We may not have quite the volume spectacle of Worlaby Carrs (if you are not familiar see here); but East Yorkshire’s owls put on an excellent show this afternoon, whilst showing one of my Yorkshire Water colleagues our Hempholme project - and clearly sensing my lack of camera - they decided to fly around us around 30 feet away, and seemed entirely comfortable co-existing with a pair of barn owls also present.
Whilst I would happily take credit for our habitat management at Hempholme, in reality, it is probably a better advert for Higher Level Stewardship Schemes. The wet grassland at Standingholme entered last year by local farming concern JSR’s clearly supports a huge prey abundance to support four hunting owls and a kestrel simultaneously.
A return with the camera last thing revealed the owls but a lack of light – records here:
In addition I left two owls hunting Struncheonhill ponds, only to find another on D res near the gantry. Either an owl had flown very fast down the drain – or more likely there are at least three now present in the area – we’re catching up with the South Bank slowly! In fairness though they are ‘fair-weather owls’ – they do not show in high wind or rain – the calmness of this afternoon was great for them.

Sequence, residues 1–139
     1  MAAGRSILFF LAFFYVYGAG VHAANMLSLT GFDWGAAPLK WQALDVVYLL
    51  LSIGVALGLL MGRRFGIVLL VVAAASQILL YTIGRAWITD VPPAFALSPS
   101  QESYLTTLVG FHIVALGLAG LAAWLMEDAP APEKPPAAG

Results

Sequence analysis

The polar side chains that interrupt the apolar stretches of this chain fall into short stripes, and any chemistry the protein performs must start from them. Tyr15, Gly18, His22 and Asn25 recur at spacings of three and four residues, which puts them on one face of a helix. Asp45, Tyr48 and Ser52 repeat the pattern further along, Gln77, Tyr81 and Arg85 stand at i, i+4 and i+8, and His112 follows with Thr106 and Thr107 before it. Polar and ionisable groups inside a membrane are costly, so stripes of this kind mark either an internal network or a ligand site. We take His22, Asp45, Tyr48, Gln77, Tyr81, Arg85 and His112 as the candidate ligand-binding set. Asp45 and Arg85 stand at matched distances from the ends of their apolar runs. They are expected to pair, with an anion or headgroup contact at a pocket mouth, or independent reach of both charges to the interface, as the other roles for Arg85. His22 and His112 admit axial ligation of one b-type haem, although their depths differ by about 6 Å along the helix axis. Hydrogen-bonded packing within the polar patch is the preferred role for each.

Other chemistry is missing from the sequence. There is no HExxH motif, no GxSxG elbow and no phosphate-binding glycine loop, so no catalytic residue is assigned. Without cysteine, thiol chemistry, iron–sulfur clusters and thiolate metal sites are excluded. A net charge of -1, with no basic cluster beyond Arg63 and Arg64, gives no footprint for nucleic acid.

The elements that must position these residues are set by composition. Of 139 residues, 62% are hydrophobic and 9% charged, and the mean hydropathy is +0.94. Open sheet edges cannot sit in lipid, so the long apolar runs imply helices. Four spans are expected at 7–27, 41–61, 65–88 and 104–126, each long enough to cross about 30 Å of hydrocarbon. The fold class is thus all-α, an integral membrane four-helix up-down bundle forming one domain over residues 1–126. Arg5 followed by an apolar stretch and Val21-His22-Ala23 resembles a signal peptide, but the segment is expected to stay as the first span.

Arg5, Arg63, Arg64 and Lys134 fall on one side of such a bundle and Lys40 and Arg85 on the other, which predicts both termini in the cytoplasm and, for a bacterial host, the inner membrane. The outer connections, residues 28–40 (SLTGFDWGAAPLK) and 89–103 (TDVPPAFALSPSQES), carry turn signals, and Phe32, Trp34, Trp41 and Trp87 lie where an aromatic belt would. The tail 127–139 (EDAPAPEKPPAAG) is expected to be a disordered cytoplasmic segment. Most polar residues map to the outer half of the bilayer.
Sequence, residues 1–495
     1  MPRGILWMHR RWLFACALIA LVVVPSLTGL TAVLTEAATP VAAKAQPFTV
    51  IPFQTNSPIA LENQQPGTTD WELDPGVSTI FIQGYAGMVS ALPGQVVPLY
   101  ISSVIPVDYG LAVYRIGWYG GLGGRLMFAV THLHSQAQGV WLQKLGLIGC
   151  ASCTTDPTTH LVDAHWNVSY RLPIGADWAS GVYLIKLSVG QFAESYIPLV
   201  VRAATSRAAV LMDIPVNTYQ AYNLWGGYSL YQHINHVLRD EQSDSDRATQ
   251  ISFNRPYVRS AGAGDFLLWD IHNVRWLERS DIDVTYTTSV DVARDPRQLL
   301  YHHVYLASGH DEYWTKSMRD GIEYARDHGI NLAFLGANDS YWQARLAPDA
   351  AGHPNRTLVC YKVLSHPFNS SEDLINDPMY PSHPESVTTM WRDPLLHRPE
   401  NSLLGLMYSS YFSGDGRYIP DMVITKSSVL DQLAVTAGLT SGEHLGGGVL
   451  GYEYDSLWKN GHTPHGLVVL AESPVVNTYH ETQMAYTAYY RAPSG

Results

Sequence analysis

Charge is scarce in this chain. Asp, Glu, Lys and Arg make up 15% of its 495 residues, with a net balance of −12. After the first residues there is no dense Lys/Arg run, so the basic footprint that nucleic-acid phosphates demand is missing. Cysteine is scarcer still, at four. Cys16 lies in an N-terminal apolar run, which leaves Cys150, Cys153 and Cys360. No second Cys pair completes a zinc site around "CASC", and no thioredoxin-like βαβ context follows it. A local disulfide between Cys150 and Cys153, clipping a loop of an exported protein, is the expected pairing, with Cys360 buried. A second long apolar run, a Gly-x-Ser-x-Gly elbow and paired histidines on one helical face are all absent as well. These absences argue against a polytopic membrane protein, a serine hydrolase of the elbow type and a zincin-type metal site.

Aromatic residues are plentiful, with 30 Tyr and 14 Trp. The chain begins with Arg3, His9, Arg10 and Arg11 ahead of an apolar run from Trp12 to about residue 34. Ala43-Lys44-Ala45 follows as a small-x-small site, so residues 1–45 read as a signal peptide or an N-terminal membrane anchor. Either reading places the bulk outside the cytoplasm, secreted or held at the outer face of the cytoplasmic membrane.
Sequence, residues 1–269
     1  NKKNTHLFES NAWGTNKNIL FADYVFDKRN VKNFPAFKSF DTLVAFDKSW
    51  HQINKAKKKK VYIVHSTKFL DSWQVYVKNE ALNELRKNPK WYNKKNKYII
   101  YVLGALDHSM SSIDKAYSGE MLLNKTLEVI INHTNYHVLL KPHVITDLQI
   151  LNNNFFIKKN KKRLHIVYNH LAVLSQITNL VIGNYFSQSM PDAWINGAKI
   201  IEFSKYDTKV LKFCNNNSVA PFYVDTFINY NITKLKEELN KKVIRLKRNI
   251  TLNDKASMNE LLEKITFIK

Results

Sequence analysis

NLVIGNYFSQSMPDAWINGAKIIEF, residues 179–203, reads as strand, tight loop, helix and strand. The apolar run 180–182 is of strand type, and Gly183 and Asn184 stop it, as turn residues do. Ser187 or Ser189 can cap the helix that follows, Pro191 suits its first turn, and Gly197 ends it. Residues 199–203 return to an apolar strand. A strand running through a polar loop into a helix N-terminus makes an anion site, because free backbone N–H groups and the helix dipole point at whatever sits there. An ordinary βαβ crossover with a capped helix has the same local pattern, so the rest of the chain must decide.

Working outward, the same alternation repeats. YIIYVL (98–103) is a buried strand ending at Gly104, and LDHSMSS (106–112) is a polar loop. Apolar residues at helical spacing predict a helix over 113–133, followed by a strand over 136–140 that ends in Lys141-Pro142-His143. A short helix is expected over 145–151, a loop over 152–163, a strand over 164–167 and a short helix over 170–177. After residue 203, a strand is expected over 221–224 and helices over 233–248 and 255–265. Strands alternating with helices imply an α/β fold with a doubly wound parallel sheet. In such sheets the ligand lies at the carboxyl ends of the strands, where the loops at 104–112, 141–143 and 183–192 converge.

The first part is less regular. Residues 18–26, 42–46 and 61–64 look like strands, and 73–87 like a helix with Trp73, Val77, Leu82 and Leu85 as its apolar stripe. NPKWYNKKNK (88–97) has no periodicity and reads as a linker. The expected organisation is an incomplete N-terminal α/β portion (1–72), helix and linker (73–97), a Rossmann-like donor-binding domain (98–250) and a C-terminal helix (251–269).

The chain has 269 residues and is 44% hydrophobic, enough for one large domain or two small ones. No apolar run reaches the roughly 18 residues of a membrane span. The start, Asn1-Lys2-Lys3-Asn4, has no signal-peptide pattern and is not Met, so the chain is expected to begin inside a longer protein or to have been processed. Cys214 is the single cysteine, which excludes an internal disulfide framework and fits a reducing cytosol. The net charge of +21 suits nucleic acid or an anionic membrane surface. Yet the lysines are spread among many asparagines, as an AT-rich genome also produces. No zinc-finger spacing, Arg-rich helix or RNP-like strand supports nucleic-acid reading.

Folk are starting to return more pictures though – check out Mike Randall’s page for some great shots here.
Also about was the kestrel consuming small rodent:
The last couple of days are still returning the greenland white-fronted goose with at least 50 eurasian white fronts – art shot here:
For much better of all the assembled geese see Dave Ware’s blog here. A white goose in amongst prompted a look yesterday – but was just a farmyard goose. Never-the-less thanks to AWbirder for this guide bill profiles in ross’ hybrids – which may prove useful again one day.
Red-head smew still on watton, where a peregrine was sat on the deck yesterday.
A final word of note: Be careful on the access road to Tophill – with the first proper freezes it can be dodgy as it is un-gritted – and a light shower at dusk this evening will make it very treacherous tomorrow.